If you haven’t already read David Sirota’s excellent article “James Clapper Must Go,” please do so.  I realize that you have posted about the problems with James Clapper before.  I believe you will be interested in this.   I have a good friend and former coworker who served as a Special Agent for the Department of Defense. My friend is a scientist and was recruited into the Department of Defense because of their expertise in Advanced Technology compartmented research and development. Some years ago now, my friend found that a large aerospace defense contractor was intentionally and illegally handling Advanced Technology in their programs throughout the company. The company’s illegal handling of Advanced Technology lead to the loss of irreplaceable compartmented technology. My friend’s federal investigation of the incident was covered up by their agency and at the highest levels inside the Pentagon. And with the consent of James Clapper, my friend was harassed and psychologically tortured by their agency’s management. My friend was frankly, forced out of federal service.

Recently it became public through the release of the Defense Science Board report “Resilient Military Systems and the Advanced Cyber Threat” that the Department of Defense is trying to blame that advanced technology loss on “the cyber threat.” The report is interesting in that it references a table (2.2) that is not present in the unclassified version of the report. One of the listings on table 2.2 is the compartmented program department and the technology that my friend investigated the loss of. That loss was not from cyber collection. The loss was from the intentional and illegal mishandling of the Advanced Technology by the aerospace defense contractor. How many more cases like this has James Clapper participated in?

The Old Navy Man

Here is the article that the Old Navy Man referenced:

http://billmoyers.com/2013/06/12/james-clapper-must-go/

I read an interesting article recently regarding how federal agencies have been trying to deal with their overly backlogged Freedom of Information Act requests for information that have apparently been piling up since the 2009 change in Federal direction about granting such requests. 

According to the article by Joseph Marks, in Nextgov, August 31, 2012, about half the agencies have actually reduced the number of FOIA exemptions (information they refused to release formerly, under the premise that such information is exempt to FOIA requests). 

The article also talks about agencies using technology to improve processing time for FOIA requests and the use of the FOIA libraries to post information that might commonly be requested via FOIA requests. 

It seems to this observer that if the Obama administration truly wishes to increase transparency, that more transparent action taken toward prosecuting the many cases of wrongdoing and criminal activity in the realm of federal defense contracting needs to take center stage.  Corruption, influence pedaling, cronyism, fraud, technology theft, use of the “revolving door” by people between industry and the federal government (and vice versa) in order to better serve the needs of the corporations they serve, must be stopped cold in order to allow the oversight that supposedly is in place now to be able to actually function and prevent such atrocities.  The Administration must see that a general clean up is put swiftly into action, and mean it so that these issues are handled first for any genuine transparency in FOIA request handling to be a reality.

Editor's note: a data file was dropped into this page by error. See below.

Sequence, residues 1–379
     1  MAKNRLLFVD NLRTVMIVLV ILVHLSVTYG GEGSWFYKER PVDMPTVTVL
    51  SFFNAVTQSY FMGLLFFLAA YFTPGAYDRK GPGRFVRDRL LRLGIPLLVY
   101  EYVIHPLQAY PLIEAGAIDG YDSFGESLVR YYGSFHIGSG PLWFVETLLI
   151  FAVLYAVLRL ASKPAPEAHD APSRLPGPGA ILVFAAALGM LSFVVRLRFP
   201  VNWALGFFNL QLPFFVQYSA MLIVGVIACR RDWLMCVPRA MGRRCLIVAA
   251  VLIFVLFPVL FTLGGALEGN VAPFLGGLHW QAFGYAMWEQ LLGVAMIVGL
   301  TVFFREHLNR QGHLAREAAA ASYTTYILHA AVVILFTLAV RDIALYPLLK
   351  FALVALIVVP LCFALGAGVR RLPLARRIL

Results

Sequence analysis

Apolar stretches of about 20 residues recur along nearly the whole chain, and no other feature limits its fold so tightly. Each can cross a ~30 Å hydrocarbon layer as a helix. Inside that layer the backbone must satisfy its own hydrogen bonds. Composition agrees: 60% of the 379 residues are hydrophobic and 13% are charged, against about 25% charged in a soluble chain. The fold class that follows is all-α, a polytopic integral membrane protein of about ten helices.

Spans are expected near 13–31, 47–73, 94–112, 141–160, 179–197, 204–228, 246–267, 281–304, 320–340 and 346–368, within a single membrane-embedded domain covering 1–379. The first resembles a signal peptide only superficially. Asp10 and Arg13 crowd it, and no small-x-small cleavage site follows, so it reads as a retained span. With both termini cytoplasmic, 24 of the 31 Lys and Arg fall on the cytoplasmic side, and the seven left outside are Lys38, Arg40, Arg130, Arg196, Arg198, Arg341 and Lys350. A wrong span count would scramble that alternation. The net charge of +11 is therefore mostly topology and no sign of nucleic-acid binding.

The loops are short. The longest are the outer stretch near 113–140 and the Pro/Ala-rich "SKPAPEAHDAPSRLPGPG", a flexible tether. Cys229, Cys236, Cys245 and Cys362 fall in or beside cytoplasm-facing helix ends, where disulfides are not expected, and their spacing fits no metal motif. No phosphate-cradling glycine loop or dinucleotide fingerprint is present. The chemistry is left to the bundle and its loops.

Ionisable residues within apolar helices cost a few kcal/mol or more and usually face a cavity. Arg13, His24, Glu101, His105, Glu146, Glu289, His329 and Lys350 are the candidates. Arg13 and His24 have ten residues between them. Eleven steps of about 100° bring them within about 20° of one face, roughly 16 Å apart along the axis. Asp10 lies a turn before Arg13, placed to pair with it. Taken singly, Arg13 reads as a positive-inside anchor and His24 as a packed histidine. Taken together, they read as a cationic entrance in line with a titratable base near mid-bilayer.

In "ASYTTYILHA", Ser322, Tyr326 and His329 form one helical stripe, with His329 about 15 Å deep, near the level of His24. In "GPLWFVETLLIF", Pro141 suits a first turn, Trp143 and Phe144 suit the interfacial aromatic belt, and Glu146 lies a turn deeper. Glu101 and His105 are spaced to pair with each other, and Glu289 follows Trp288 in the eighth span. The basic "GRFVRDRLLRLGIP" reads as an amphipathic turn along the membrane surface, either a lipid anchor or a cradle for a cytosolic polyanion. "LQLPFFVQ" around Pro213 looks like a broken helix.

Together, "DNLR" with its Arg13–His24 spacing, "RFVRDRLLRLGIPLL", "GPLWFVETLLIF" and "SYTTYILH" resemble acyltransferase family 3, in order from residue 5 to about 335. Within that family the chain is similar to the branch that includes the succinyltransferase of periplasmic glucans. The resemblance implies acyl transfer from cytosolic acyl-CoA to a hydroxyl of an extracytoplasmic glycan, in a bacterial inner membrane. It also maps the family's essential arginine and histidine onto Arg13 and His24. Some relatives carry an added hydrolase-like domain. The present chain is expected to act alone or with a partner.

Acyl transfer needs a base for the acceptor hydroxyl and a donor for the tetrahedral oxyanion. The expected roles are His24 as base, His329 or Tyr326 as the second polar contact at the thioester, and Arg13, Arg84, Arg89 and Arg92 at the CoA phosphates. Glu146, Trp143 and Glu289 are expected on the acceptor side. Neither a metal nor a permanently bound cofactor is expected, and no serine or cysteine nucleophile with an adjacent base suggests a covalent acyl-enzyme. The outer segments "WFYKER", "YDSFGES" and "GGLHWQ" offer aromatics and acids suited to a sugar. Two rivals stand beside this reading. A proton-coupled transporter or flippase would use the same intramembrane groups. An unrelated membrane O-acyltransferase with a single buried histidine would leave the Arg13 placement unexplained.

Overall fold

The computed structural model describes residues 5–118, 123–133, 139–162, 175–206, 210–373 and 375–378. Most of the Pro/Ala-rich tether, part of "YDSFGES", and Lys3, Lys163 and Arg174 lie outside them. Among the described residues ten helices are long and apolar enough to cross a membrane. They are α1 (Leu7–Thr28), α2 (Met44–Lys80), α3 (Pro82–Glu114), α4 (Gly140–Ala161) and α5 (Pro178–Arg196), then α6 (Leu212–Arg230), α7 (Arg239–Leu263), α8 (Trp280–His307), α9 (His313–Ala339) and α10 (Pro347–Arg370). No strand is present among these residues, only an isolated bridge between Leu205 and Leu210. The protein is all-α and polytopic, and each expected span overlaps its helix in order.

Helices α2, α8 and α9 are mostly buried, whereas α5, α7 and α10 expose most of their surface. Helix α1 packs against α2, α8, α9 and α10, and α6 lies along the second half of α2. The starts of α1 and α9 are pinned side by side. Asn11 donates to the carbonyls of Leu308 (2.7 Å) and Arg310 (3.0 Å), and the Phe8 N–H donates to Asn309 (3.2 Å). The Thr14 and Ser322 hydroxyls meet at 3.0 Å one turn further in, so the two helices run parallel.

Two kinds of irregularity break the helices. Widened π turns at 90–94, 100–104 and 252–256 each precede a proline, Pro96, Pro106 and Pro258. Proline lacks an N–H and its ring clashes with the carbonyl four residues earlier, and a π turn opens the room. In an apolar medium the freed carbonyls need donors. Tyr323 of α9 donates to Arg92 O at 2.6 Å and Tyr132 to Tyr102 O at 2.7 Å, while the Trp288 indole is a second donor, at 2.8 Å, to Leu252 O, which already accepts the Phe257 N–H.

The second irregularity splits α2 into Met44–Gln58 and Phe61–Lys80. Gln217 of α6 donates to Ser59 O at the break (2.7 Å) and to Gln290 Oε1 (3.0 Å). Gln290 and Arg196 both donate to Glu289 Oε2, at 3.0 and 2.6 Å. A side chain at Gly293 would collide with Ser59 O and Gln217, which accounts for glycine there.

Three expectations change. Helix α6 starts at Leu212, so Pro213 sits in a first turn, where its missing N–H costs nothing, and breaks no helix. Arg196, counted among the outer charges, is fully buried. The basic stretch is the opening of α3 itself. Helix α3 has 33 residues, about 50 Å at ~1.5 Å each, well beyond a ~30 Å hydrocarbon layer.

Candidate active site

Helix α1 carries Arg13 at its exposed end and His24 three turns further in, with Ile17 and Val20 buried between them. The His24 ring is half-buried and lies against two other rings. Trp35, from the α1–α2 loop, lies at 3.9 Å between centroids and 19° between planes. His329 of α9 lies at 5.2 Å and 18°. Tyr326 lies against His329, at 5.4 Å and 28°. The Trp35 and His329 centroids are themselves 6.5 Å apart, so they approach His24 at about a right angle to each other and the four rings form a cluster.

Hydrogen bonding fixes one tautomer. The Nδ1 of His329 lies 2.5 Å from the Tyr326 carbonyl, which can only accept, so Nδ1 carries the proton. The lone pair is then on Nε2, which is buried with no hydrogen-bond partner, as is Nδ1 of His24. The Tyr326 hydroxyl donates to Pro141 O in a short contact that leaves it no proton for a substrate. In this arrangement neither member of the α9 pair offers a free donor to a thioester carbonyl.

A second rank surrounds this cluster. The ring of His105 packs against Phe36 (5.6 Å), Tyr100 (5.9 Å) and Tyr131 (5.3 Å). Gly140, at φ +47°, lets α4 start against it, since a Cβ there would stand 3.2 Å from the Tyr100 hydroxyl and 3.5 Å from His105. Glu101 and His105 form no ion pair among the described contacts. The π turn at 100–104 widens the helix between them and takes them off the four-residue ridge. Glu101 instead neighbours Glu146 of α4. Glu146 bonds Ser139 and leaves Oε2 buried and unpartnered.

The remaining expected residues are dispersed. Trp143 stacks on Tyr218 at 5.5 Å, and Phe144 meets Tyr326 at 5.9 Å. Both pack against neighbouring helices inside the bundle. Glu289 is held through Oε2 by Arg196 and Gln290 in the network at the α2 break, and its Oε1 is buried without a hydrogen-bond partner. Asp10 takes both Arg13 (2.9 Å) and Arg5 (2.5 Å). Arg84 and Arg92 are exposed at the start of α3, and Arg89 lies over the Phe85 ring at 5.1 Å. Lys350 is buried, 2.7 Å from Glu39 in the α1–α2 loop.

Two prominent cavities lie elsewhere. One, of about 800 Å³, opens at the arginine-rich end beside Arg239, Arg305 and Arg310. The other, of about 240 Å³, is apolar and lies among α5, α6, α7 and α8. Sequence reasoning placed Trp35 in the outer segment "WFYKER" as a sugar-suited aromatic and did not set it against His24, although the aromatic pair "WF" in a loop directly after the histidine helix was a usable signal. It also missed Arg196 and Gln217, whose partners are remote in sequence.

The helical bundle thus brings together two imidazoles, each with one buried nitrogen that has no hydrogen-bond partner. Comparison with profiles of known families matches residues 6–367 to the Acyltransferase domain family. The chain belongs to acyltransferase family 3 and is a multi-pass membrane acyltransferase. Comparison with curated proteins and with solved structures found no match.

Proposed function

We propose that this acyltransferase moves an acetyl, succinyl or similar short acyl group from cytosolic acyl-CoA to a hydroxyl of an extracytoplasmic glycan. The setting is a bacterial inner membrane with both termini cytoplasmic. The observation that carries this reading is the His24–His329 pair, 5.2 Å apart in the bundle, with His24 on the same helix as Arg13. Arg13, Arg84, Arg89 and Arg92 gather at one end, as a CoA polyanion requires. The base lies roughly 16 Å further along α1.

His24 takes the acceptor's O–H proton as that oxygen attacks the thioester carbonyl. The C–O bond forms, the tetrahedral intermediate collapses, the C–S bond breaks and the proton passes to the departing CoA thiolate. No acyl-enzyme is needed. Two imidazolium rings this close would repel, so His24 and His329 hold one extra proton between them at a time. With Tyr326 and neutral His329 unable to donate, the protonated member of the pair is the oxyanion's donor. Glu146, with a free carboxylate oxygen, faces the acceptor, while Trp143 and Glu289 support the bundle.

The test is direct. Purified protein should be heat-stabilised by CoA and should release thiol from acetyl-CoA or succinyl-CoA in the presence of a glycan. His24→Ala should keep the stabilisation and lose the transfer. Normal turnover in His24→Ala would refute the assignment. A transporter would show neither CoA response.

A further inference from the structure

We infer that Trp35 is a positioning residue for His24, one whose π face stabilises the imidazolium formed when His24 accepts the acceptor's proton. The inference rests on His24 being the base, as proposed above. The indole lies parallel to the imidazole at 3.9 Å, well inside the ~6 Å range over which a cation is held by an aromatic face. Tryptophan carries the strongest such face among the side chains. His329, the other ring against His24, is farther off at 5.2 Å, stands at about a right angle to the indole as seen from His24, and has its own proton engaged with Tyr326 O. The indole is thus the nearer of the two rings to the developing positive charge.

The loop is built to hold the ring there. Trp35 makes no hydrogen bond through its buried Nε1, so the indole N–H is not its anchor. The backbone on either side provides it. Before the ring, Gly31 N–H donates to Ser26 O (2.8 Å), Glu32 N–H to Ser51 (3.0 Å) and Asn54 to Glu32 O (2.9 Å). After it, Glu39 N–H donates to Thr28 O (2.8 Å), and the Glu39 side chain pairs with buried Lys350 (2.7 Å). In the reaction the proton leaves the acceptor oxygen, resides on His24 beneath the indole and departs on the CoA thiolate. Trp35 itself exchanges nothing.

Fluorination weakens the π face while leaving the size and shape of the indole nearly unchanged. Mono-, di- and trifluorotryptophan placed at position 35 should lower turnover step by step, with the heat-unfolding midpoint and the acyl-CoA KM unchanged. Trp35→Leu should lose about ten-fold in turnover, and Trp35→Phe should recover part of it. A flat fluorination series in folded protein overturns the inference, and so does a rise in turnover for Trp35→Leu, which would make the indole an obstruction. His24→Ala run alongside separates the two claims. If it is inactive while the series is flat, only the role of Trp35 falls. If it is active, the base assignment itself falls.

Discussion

As long as intensive efforts within corporations and their government confederates go into covering up corruption, theft, and fraud within the federal defense contracting world, and wrongdoers that are occasionally exposed, usually by federal employees trying to do their oversight jobs, the status quo, cover-ups and sudden retirements of culpable individuals and use by such of convenient revolving doors will continue to provide sufficient threat of exposure to thwart any serious transparency granted to a FOIA request hopeful, preventing s/he from every getting an honest and “transparent” accounting of what is really going on in federal agencies, particularly in relationship to defense contractors and other corporate interests. 

This article describes a tempest in a teapot, and does not address the real problems related to FOIA requests not being honored by those trying to get to the truth of wrongdoing in the federal government. 

GFS

Link to article:  http://www.nextgov.com/big-data/2012/08/agencies-continue-struggle-foia-requests/57819/

Old Navy Man,

Thanks for the information.  I appreciate you supporting this blog.  That is quite disturbing indeed.   I am posting this to see if anyone else can elaborate or comment.  GFS

G Florence:

Here is a link to a story that emphasizes why it is so important for this country to be ferociously protecting our most advanced technology.

 http://www.upi.com/Top_News/US/2012/08/19/Reports-of-Russian-sub-in-gulf-downplayed/UPI-35751345390615/

Who remembers the sale and transfer of advanced navy quieting technology to Toshiba?  Because of that poorly informed sale this country lost some of our most advanced navy quieting technology.  Remember those countries where these most advanced navy technologies ended up?  Refresh your memories!  This article just came out today, through the United Press International.  It is a U.S. News article entitled “Reports of Russian sub in gulf downplayed.”  This is what happens when we do not let good men like Mr. Conley and Mr. Kelly do their jobs.  This is what happens when the people of this country are complacent and do not support the tireless efforts of patriotic Americans like Mr. Conley and Mr. Kelly.

Shame on us!

An Old Navy Man